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Plastic Clamp Versus Conventional Surgical Dissection Technique in Pediatric Circumcision: A Systematic Review and Meta-Analysis.

PURPOSE: Phimosis is a common condition of the urinary system in children and often requires surgical treatment. However, the optimal method of circumcision for children has not been determined. We conducted a systematic review and meta-analysis to compare the safety and effectiveness of plastic clamp with conventional surgical circumcision in pediatric circumcision.

METHODS: A literature search was carried out to compare the plastic clamp and conventional dissection technique in the pediatric population. The following search terms were used: "circumcision", "plastic clamp", "conventional", "plastibell", "children" and etc. Meta-analysis was used to pool and evaluate variables such as operative time, blood loss, wound infection, bleeding, edema, and total postoperative complications.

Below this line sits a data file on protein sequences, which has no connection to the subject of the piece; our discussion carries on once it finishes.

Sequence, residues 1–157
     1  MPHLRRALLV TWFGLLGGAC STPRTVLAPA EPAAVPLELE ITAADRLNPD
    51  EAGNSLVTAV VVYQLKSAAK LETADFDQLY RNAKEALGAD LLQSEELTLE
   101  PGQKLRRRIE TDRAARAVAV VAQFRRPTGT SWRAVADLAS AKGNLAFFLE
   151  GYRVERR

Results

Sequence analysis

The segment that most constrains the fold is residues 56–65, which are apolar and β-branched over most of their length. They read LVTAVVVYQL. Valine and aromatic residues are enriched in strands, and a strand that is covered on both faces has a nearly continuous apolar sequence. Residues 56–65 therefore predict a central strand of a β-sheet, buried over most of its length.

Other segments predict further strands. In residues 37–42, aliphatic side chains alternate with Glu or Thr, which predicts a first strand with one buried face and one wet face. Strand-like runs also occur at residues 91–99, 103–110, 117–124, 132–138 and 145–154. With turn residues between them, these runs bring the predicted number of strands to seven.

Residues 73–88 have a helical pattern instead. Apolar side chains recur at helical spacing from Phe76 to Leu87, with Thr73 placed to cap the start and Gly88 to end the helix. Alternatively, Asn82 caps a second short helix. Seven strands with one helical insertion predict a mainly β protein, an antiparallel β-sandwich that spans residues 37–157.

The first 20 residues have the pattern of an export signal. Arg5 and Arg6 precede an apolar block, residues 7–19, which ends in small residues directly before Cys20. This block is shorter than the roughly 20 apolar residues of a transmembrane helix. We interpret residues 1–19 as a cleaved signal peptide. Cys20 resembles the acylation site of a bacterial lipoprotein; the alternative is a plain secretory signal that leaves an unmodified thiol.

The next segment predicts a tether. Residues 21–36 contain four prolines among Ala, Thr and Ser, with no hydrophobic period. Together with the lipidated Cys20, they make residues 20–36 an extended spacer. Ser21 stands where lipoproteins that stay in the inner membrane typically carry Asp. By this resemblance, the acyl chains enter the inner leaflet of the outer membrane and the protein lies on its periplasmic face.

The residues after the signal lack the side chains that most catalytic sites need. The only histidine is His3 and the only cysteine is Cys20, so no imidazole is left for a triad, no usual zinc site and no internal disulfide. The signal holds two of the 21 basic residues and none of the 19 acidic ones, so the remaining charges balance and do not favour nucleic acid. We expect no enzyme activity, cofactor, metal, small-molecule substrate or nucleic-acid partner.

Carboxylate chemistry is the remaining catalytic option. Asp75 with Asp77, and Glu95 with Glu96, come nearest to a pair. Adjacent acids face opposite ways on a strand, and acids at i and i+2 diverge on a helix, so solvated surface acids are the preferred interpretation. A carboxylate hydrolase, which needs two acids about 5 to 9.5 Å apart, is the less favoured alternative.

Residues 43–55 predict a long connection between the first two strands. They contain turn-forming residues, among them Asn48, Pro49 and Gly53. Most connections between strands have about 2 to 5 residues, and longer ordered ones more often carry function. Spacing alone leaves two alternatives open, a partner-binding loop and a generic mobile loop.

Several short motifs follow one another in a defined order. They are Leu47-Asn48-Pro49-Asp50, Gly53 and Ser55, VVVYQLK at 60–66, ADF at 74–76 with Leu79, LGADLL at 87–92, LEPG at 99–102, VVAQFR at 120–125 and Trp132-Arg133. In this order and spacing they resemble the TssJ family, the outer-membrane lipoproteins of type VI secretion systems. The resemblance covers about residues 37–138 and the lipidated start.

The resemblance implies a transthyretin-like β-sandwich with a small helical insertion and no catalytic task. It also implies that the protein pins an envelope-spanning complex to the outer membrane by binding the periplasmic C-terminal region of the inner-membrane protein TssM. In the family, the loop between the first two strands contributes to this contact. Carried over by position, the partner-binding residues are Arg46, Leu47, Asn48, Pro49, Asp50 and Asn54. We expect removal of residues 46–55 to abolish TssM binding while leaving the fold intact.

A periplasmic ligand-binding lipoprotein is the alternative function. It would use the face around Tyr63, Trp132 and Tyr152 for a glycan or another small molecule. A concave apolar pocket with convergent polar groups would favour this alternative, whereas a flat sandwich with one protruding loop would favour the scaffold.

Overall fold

RESULTS: The plastic clamp technique (PCT) was used in 10,412 of the 17,325 participants in the nine studies, while the conventional surgical dissection technique (CST) was used on 6913 patients. When compared to the CST approach, the PCT approach resulted in shorter operative times (mean difference (MD) -17.48, 95% CI -22 to -12.96; P < 0.001), less blood loss (MD -4.25, 95% CI -7.75 to -0.77; P = 0.02), and a higher incidence of postoperative edema (OR 2.33, 95% CI 1.34 to 4.08; P = 0.003). However, no significant difference was found in the incidence of postoperative complications, including wound infection and bleeding between PCT and CST.

CONCLUSIONS: PCT is a safe and time-saving option in the pediatric population. However, this method appeared to have a significant greater rate of postoperative edema.

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